Though it tries to cover far too much ground and inevitably bogs down during its second night, this two-part, five-hour NBC mini from David and Mark Wolper is surprisingly entertaining and compelling as it tells the story of some of the 20th century’s great women through the eyes of one family. If anyone questioned Lea Thompson’s ability to carry an epic network project with aplomb, “A Will of Their Own” should remove all doubt. She turns in stellar work as the pluckiest and most passionate of heroines.
It may shock those accustomed to Thompson’s whitebread work week after week on the NBC sitcom “Caroline in the City” to see her really act; but clearly, she can, and she does. Thompson puts a strong, but not overbearing, face on a fictitious character, photojournalist Amanda Stewart, who shattered all the gender rules and social mores of her time in becoming the ultimate woman of substance.
There’s fire in Thompson’s belly here, and the result is an Emmy-quality performance.
Based on the novel “Daughters of the New World” by Susan Richards Shreve, mini is simply a crackling good soap through its opening three hours, with writer Susan Nanus bringing women’s suffrage/liberation history to life in portrayals of legends like Planned Parenthood founder Margaret Singer (played with spirit by Faye Dunaway) and farm worker activist Jessie Lopez de la Cruz (Sonia Braga).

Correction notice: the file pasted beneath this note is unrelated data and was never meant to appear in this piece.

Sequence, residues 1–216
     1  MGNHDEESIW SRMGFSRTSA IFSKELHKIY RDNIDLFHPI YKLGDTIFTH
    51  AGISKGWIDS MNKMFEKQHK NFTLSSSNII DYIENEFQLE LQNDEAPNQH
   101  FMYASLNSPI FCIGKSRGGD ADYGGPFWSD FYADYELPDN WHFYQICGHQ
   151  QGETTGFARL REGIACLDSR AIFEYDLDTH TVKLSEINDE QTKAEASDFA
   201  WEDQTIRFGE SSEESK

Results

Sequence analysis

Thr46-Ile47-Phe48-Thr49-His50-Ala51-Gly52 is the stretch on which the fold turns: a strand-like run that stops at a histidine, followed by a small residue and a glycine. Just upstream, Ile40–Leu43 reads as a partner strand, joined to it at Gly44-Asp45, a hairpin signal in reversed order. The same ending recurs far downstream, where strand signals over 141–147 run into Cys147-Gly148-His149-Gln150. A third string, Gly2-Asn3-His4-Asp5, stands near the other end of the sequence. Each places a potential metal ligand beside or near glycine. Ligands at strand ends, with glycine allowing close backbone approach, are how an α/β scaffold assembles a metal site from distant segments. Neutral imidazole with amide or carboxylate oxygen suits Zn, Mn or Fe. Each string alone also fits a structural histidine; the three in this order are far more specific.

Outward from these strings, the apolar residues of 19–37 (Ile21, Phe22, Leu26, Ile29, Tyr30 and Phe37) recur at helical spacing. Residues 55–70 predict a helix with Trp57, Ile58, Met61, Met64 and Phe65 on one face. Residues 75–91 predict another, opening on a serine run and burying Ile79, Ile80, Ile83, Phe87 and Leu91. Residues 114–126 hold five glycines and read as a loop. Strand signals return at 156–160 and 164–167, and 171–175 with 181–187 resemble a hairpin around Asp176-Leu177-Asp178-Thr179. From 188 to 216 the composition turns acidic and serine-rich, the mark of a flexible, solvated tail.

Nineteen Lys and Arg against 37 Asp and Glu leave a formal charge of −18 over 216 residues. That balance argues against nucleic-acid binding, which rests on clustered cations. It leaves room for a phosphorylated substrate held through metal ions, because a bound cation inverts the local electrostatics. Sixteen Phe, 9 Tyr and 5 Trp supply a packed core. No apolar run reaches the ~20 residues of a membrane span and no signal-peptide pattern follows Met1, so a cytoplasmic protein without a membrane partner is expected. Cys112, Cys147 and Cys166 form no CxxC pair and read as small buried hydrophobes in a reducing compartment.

But the soul of the story is Amanda, and “A Will of Their Own” documents the struggle of women through six generations of her family between 1884 and 1985.
Amanda is cast as something of a Leonard Zelig of the women’s movement, growing up a free spirit and at various times hanging with bohemians in Greenwich Village, getting arrested for protesting with Sanger’s disciples, dressing wounds on the battlefield during World War I, triumphing through the Great Depression, taking on Joe McCarthy and shooting pictures of every major event of our time.
The headstrong Amanda locks horns with anyone who dares get in her way, including her judgmental grandmother (Ellen Burstyn). And inevitably, mini can’t help but wear its sexism on its sleeve. Pretty much all of the men here have a touch of slime in them, including: James MacClaren (Thomas Gibson), Amanda’s first love and father of her child; Dr. Jonathan Abbott (John Shea), Amanda’s anal-retentive husband; and, in part two, the arrogant Pierce Peterson (Eric McCormack), who marries Amanda’s daughter Sarah (Paris Jefferson) to everyone’s great regret.
The sweep, intensity and rapture of the mini’s first night give way to unbridled chaos in the final two-hour seg that attempts to cover 65-years of ambition, dismay, determination, progress and death, concluding in 1985 with Amanda, an 89-year-old grandmother, showing off her photographs at the Metropolitan Museum in New York. Helmer Karen Arthur keeps the suds flowing well, but the script bites off so much that it implodes about halfway through David Michael Frank’s thundering score on Monday.
Yet despite that concluding whimper and the project’s penchant toward melodrama as a whole, “Will of Their Own” is a captivating way to spend roughly an evening and a half. And Thompson is a feisty force of nature. Tech credits all sparkle.